What was the reaction? People were thrilled and informed. Atul Gawande was on vacation with his family but he was able to share his expertise with students and others who asked him questions about his work. He was inspiring. Do you want to inspire others? So this is only a short 10 minute race through how you might be able to contribute through Twitter to the development of the medical education community. Every voice is legitimate from students, to professors. So now I will take questions, but my question to you is what is stopping you from joining this conversation? "

Follow up:
some good introductory blogposts :

Saturday, 30 June 2012

Case discussion on Twitter: how can we make best practice explicit?

Did you consent to your involvement in this process?
Image by quinn.anya

It's great to see the growth of discussion in medical education on Twitter. Recently I have seen a few really interesting cases being discussed (and a lot being learned), but there have also been some questions about how we together can think about what is best practice in leading these discussions.

Case discussions have always been a very important way of learning in medicine. And as one doctor said, junior staff are still encouraged to submit cases to journals, but it can take many months for a case submitted to a journal to reach publication. In the meantime, social media removes those barriers to publication. We can all self-publish. But we have to be responsible too. I think that all of the people currently involved in leading discussions are being responsible, but how do we make clear to others what best practices we are following? I think that it is important to consider this for a few reasons. First, we have an obligation to all patients to make these discussions safe. Second, we are modelling how to share these cases to other students and professionals.

We also need to think about whether the existing guidance, which in the UK is from the GMC, is sufficient to guide us.

So a few questions....

What should we tell patients about sharing their story? Do we need their consent if the story is not recognisable to others?
When the GMC discuss confidentiality the emphasis is on not sharing information (without consent) that would allow another to recognise a patient or someone close to them. In the new draft guidance on social media the only additional emphasis is on the impact of embedded information such as GPS co-ordinates that would allow us to know from where a tweet was made, or an image taken. 

My own practice is that if I want to share a story about a patient that might allow them to recognise themselves then I ask permission, and I record that when sharing the story. So far this has only happened once and it was in a blog post. How could it be conveyed that a patient was aware and happy that their story was being shared on Twitter? If this is done in a separate tweet then those following the tweets may miss it and wonder if permission has been given. Is this something we need to be concerned about?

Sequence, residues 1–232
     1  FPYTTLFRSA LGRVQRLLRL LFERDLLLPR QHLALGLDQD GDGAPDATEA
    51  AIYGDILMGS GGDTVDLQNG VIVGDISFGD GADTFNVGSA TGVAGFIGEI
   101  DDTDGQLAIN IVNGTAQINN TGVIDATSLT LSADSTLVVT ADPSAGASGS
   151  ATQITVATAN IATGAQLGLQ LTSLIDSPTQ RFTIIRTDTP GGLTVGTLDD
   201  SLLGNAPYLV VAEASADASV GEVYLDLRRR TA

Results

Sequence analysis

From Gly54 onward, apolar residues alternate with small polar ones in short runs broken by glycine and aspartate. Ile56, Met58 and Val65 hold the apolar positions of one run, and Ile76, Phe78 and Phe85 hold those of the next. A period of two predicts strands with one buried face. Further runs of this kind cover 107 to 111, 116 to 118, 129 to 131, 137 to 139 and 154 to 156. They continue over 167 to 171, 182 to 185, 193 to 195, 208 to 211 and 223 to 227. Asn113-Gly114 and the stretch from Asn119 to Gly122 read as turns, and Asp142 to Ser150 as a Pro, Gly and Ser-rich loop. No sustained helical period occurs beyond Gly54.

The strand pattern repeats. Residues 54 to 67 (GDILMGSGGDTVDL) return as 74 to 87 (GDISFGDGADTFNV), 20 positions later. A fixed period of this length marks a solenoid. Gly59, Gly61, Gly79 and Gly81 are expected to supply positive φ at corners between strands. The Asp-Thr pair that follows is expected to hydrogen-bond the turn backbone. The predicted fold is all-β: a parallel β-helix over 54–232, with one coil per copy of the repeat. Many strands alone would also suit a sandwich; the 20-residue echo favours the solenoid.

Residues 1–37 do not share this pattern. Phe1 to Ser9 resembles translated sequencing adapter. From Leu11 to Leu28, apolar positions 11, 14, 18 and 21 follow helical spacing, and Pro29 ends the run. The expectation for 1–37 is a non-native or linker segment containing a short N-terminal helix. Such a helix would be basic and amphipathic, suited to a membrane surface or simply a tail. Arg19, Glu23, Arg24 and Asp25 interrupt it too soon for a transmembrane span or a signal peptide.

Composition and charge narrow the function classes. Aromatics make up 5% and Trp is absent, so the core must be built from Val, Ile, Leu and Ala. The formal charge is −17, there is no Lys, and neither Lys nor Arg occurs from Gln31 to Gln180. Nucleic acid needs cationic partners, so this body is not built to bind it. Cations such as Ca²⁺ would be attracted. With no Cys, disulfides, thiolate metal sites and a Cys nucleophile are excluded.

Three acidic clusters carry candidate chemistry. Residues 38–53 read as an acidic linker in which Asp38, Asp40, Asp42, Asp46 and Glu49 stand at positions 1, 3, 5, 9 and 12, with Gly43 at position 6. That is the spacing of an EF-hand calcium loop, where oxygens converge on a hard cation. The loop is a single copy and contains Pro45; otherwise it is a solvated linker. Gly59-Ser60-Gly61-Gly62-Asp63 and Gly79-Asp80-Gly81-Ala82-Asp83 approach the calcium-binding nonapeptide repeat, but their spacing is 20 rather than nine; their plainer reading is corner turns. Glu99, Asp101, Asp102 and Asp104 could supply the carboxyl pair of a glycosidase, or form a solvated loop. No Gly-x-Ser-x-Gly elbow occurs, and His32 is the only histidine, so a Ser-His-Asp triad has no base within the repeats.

What about sharing images routinely made as part of care?

In 2011 the GMC gave additional guidance on the audio-visual recordings. For some images made as part of routine care, such as pathology slides, internal images of organs, and xrays,  then no specific consent to take the images is needed. It is presumed that if the patient gives consent to the procedure then they give consent to the image being recorded. The guidances says that attempts should be made to make patients aware that they may be shared in an anonymised form, but there is no need to ask permission before doing this. This includes for publication in widely-accessible media such as press, print and internet. We can presume this includes Twitter!  

The draft social media guidance makes no additional comment on this so sharing an anonymised image on Twitter for teaching purposes seems acceptable. But images are rarely of much value without an accompanying story. So we are back to the situation above. How much permission is it good practice to obtain before sharing a story? And we have to remember that the real-time nature of social media means that a story about a patient might be shared as it is happening, rather than six months later, so that it is more likely that people may recognise themselves or others.

Other images that are made as part of routine care, but are not part of a procedure, such as an image of the outside of the body, do need specific consent to be given. And again patients should be made aware that these images may be used for teaching or research, but specific consent does not have to be given for them to be shared for this purpose as long as they are anonymised and all identifying details are removed. However, the guidance states that if the image is to be shared in widely accessible media (eg Twitter or a blog) then if the image is identifiable consent must be obtained. If the image has been anonymised then good practice is that consent should also be obtained but," if it is not practicable to do so, you may publish the recording, bearing in mind that it may be difficult to ensure that all features of a recording that could identify the patient to any member of the public have been removed."

What about recording an image to share in an educational discussion on social media?

The GMC guidance which applies here is the section on "recordings for use in widely accessible public media". Here, even if the patient is not identifiable, and has been anonymised, consent must be given explicitly. Paragraph 37 states:
"You must get the patient's consent, which should usually be in writing, to make a recording that will be used in widely accessible public media, whether or not you consider the patient will be identifiable from the recording"
We are also obliged to check with our employers what their policies are. Some trusts prohibit the use of mobile phone cameras by staff to protect patient confidentiality.